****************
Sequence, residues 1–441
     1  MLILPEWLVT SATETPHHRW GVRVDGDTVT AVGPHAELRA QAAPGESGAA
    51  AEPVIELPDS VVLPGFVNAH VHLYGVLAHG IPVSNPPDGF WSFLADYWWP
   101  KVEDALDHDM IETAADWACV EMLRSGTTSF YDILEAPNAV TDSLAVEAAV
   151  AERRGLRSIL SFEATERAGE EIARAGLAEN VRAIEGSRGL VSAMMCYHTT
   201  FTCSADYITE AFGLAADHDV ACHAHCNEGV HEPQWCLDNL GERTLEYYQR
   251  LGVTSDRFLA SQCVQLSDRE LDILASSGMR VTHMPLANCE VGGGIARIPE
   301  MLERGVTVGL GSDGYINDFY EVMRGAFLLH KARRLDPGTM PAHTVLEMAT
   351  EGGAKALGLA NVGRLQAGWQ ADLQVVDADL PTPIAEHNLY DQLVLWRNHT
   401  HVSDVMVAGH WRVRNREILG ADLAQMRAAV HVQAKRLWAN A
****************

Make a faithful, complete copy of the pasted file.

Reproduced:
Sequence, residues 1–441
     1  MLILPEWLVT SATETPHHRW GVRVDGDTVT AVGPHAELRA QAAPGESGAA
    51  AEPVIELPDS VVLPGFVNAH VHLYGVLAHG IPVSNPPDGF WSFLADYWWP
   101  KVEDALDHDM IETAADWACV EMLRSGTTSF YDILEAPNAV TDSLAVEAAV
   151  AERRGLRSIL SFEATERAGE EIARAGLAEN VRAIEGSRGL VSAMMCYHTT
   201  FTCSADYITE AFGLAADHDV ACHAHCNEGV HEPQWCLDNL GERTLEYYQR
   251  LGVTSDRFLA SQCVQLSDRE LDILASSGMR VTHMPLANCE VGGGIARIPE
   301  MLERGVTVGL GSDGYINDFY EVMRGAFLLH KARRLDPGTM PAHTVLEMAT
   351  EGGAKALGLA NVGRLQAGWQ ADLQVVDADL PTPIAEHNLY DQLVLWRNHT
   401  HVSDVMVAGH WRVRNREILG ADLAQMRAAV HVQAKRLWAN A